Tuesday, July 10, 2012

Monday, June 4th, 2012

Jack White To Score Johnny Depp's 'The Lone Ranger'

Fresh off the release of his solo debut Blunderbuss, Jack White is set to score Disney’s remake of The Lone Ranger starring Johnny Depp and Armie Hammer. Though this will not be White’s first exposure to film music, it is the first chance he’s had to score an entire picture. His previous film work includes the Alicia Keys collaboration “Another Way To Die” from the 2008 James Bond film Quantum Of Solace, and his cover of “Wayfaring Stranger” for Cold Mountain.

The Lone Ranger, like Depp’s blockbuster Pirates Of The Caribbean, will be directed by Gore Verbinski and produced by Jerry Bruckheimer
Films. On White’s role, Bruckheimer told Variety: “Jack’s an amazing songwriter with a unique style… We’re thrilled to hear his fresh take on the William Tell Overture.”

If Blunderbuss was any indication of what we can expect from White, his sense for rootsy-Americana-blues combined with hard-edged rock’n’roll will create a familiar yet jarring soundscape to the film. Safe to say, our interest is piqued. The film is set to release May 31, 2013 and will begin filming soon in New Mexico.

Wednesday, April 25th, 2012

Tuesday, March 20, 2012

Sound And Vision: It's the Same Old Song for Thespians Who Sing — and Chances Are It's Not a Hit!

Though Susan Boyle helped make music’s mainstream safer for the mature crowd, her chart-life-begins-at-nearly fifty success story remains a rarity. But perhaps in the case of Jeff Bridges, who won an Oscar for playing an alcoholic country singer in Crazy Heart, a music star could have been born at the ripe old age of 61. Alas, it was not to be. His debut album, Jeff Bridges, entered Billboard’s Top 200 album chart at No. 25 the week after its August 16 release and then tumbled to No. 58.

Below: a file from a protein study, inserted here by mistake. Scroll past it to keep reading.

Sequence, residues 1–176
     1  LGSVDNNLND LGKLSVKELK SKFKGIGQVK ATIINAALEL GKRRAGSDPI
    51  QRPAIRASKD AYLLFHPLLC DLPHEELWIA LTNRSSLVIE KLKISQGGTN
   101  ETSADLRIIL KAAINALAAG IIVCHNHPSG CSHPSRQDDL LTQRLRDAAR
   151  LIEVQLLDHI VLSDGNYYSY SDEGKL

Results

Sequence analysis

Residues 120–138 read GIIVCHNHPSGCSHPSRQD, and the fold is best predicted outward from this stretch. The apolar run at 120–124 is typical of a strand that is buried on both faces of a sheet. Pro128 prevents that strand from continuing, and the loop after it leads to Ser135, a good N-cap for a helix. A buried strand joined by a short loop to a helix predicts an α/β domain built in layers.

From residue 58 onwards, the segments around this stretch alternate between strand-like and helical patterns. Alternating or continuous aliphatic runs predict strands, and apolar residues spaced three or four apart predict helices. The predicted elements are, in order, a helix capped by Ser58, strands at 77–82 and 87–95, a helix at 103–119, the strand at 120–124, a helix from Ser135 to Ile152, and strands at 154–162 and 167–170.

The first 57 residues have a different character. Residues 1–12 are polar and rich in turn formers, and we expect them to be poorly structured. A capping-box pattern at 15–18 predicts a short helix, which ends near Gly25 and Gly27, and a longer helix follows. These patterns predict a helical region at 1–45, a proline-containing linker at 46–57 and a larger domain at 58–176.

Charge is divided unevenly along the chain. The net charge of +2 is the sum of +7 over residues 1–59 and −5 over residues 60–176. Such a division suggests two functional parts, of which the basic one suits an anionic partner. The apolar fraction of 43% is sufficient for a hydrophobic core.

Thankfully, Bridges is in no danger of losing his day job.

These are hard times for actors and actresses moonlighting as recording artists. Back in the ’80s, the biggest movie stars usually were guaranteed at least one big pop hit if they bothered to try. Eddie Murphy, Bruce Willis, Don Johnson and Patrick Swayze all did, and each managed one trip to the Top 10 on Billboard’s Hot 100. But that was then. By the ’90s, mega-stars like Johnny Depp, Keanu Reeves and Russell Crowe were forming rock bands that went nowhere on the charts.

More recently, Jared Leto’s 30 Seconds to Mars has approached a level of heat commensurate with that of his acting career (which, considering his overall filmography, isn’t as impressive as it might sound), but there hasn’t been a movie star who’s been able to consistently score on the music charts since Jennifer Lopez made her seamless transition to pop diva in 1999 with the No. 1 hit “If You Had My Love.”

A handful of TV stars have done slightly better. Just in time for the September 18 Emmys, House star Hugh Laurie, an Outstanding Lead Actor in a Drama Series nominee, sees his debut album, Let Them Talk (produced by Joe Henry, Madonna’s talented brother-in-law, and released in the U.S. on September 6, months after its successful spring launch in Europe), enter the Billboard Top 200 album chart at No. 16. Meanwhile, the single “Police Dog Blues” debuts at No. 58 on the Hot 100 — respectable, if not spectacular. But does his chart career have long-term potential? At first, Hilary Duff‘s seemed to, but her music career stalled nearly a half-decade ago (her one-time nemesis Lindsay Lohan‘s never really took off), and Miley Cyrus, who had to make her initial cross-over to pop as her small-screen alter-ego Hannah Montana, is in flux after tanking last year with Can’t Be Tamed.